Can An Ancient Hunger Cure Help the Modern World?
December 29, 2007
The San people of the Kalahari desert, also known as Bushmen, have long relied on a plant called hoodia to survive. Now, drug companies are betting millions that the knowledge of these bushmen can help the most advanced societies on earth.
A little hoodia can end hunger pains and quench thirst. Pfizer has invested $21 million dollars to turn hoodia into an appetite suppressant.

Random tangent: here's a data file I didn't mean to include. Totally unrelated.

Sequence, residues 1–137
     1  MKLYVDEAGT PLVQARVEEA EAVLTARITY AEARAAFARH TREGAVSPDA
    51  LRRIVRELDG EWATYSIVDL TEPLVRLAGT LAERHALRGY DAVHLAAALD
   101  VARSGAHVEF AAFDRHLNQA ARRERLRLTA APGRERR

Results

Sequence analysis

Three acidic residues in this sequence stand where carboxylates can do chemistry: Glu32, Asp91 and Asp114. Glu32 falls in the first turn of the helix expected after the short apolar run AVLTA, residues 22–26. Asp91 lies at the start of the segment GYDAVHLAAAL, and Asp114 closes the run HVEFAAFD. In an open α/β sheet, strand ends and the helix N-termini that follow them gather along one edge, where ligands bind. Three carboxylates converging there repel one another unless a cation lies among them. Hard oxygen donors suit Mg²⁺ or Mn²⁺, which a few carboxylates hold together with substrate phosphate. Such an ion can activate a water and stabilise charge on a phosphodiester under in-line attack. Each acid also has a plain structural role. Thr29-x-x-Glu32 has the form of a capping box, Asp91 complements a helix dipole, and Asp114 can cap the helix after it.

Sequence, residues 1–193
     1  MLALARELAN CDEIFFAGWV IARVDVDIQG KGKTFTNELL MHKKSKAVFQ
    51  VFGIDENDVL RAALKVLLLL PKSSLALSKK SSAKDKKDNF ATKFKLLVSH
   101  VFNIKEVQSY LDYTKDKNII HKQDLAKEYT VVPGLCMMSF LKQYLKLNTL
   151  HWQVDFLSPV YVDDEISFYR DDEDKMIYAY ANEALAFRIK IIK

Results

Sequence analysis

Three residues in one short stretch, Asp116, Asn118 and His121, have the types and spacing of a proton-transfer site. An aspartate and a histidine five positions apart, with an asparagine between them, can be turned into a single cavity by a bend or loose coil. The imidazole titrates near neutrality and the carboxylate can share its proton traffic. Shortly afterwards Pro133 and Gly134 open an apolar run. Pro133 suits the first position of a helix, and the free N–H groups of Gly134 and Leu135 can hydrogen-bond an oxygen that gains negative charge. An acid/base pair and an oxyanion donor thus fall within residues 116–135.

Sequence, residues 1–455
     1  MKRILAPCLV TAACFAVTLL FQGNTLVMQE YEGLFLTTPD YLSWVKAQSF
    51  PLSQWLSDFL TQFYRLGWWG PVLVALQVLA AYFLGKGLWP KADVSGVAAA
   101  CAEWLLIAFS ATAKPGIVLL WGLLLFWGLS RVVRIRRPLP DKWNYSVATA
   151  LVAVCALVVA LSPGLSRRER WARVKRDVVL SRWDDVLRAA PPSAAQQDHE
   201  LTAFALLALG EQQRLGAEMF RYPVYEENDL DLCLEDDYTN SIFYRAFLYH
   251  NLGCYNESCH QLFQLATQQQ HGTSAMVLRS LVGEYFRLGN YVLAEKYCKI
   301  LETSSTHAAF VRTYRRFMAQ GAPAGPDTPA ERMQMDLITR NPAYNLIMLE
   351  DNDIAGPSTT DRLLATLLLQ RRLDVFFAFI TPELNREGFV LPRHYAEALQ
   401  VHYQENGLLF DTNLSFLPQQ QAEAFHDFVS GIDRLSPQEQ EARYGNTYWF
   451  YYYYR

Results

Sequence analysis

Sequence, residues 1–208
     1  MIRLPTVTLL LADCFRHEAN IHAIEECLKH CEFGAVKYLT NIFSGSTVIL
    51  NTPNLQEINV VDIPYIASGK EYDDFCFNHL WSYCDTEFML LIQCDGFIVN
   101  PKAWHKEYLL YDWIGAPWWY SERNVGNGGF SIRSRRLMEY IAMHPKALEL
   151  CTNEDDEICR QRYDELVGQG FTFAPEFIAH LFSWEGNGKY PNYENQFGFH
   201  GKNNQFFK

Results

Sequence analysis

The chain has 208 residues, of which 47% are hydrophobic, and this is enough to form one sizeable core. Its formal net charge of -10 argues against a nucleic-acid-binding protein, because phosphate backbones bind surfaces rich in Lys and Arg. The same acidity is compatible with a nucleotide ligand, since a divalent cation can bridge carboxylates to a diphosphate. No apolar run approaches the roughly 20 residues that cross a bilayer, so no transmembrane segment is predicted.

The active compound in the plant is called P57; it works by mimicking the effect glucose has on the nerve cells in the brain. It tells you that you’re full, even when you’re not.
The first company to patent P57 tried to do so without paying the bushmen any money. After a court challenge, the San now help cultivate the plant, and if the resulting diet aids are a market success, they stand to prosper.